Too Few Kids Getting Cancer Vaccine

Too Few Kids Getting Cancer Vaccine

CDC says shots could prevent thousands of deaths.

The Centers for Disease Control  says too few kids are getting a vaccine that prevents human papillomavirus (HPV), which causes cancer. HPV  is a common sexually transmitted infection that can cause cervical cancer in women and throat and mouth cancer in men. It's best to get vaccinated before becoming sexually active.

A new government report finds only 57 percent of girls 13 to 17 are getting the shots. Only 35 percent of boys are receiving the vaccine.
 
According to Dr. Anne Schuchat, from the CDC says, "if we could raise HPV vaccine coverage to the same level as the pertussis vaccinations or the meningitis vaccinations, we could prevent thousands of HPV-associated cancers every year."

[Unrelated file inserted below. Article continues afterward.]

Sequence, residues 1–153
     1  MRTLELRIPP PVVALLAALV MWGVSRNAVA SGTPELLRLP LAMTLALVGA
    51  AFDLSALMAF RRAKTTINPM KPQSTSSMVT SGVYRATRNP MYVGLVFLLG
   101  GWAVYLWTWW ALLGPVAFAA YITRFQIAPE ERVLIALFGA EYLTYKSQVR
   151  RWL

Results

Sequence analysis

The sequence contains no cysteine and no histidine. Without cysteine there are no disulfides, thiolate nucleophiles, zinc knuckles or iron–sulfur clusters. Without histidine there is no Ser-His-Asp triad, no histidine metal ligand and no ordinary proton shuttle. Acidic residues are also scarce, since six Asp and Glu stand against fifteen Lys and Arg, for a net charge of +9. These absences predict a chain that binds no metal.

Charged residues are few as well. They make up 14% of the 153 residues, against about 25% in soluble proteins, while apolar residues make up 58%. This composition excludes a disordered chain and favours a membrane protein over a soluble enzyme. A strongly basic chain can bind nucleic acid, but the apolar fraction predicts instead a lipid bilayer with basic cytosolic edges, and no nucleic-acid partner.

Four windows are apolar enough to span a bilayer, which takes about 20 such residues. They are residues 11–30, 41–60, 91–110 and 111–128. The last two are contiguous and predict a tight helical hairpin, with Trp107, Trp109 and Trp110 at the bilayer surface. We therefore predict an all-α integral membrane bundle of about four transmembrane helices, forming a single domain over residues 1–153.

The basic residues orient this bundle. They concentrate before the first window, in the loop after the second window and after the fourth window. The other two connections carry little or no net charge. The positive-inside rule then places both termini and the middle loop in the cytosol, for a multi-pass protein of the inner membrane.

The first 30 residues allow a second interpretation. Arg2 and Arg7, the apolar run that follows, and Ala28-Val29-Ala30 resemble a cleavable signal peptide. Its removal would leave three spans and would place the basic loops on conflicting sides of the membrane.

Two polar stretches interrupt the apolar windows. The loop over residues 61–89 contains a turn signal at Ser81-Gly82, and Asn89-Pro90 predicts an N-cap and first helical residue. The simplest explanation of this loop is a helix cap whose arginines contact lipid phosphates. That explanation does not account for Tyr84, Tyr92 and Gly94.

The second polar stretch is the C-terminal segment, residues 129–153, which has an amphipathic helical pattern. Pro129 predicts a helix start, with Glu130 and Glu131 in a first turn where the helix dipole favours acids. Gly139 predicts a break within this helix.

The CDC says HPV  causes about 19,000 cancer deaths in women, with cervical cancer being the most common. It also causes about 8,000 cancers in men.
  
Some parents say they have safety concerns, but the CDC says no serious health risks have been linked to the vaccine.
 

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